By | www.wired.com
JOY NAZZARI, THE founder of British proptech startup Showhere, is desperately trying to hire 16 people—a combination of senior-level developers, project managers, and designers. But her pool of candidates is running dry.
“It’s never been harder or more expensive to hire new people,” she says. “Yet you also have to defend who you already have, because they’re seeing the bright lights—being hit up on LinkedIn and hearing stories of friends attracted by big salary packages.”
Nazzari is among the employers who have found it difficult to replace the wave of workers who quit in The Great Resignation, which began last year and hasn’t let up since. In the US, the number of workers quitting has now exceeded pre-pandemic highs for eight straight months, according to consumer data company Statista.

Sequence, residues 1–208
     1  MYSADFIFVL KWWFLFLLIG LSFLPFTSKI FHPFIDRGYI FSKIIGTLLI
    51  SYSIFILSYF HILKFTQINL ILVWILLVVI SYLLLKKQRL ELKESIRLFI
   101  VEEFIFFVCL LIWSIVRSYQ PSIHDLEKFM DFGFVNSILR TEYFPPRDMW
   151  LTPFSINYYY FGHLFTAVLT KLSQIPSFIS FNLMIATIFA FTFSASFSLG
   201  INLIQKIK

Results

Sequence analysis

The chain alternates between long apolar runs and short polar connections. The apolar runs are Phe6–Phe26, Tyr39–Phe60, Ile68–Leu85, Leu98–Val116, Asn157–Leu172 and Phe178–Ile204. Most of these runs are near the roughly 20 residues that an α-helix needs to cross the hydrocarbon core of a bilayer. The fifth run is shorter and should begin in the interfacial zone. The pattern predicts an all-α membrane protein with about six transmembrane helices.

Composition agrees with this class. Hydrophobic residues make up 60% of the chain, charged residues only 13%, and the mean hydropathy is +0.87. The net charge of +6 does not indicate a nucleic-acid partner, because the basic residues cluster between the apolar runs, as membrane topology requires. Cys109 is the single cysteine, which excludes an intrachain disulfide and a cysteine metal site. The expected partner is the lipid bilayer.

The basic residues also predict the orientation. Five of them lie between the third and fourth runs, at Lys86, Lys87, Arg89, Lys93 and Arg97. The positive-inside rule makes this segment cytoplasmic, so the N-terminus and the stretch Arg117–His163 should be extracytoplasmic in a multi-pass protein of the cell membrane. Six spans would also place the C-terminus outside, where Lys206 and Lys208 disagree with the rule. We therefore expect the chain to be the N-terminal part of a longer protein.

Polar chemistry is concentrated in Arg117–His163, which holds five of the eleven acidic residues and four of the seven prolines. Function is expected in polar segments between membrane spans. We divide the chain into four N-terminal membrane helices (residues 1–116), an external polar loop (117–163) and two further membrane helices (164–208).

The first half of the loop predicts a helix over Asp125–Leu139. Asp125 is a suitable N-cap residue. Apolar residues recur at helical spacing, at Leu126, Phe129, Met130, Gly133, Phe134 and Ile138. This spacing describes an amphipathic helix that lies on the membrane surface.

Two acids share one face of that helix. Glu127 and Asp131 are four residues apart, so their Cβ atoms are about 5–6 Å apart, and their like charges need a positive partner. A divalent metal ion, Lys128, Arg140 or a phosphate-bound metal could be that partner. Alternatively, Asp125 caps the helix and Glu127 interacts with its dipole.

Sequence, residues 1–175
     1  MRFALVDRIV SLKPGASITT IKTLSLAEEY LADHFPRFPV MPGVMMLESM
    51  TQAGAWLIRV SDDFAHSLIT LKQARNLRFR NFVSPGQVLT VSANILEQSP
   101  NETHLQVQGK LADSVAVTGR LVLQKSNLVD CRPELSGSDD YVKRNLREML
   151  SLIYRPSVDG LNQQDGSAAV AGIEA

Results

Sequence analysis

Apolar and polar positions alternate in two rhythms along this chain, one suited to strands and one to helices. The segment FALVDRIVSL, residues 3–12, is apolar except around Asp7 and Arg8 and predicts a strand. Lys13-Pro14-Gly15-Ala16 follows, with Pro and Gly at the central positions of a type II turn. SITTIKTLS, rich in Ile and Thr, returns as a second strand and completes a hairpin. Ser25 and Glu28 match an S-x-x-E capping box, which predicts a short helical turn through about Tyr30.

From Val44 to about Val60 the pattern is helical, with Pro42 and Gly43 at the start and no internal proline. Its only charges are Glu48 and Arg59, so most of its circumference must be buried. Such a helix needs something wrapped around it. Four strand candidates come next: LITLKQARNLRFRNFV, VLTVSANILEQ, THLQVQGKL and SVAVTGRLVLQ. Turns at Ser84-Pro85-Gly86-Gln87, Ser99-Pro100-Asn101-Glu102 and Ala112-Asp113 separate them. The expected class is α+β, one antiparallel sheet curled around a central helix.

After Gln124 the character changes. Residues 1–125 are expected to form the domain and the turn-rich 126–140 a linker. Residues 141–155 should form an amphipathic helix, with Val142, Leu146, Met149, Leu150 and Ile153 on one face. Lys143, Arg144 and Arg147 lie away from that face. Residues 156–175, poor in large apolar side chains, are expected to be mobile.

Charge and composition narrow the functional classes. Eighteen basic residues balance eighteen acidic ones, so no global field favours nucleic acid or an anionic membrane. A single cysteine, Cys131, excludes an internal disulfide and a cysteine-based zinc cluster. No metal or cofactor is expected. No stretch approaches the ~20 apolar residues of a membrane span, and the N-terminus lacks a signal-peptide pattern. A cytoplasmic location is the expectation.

It’s a similar story in the UK. Sanjay Raja, chief UK economist at Deutsche Bank, published a report in January that found that people are resigning at the highest rate since 2009. Huge numbers are leaving the labor market entirely and more than 80 percent do not want a job—the highest on record since 1993, according to Raja’s analysis. This has left gaping holes in the workforce.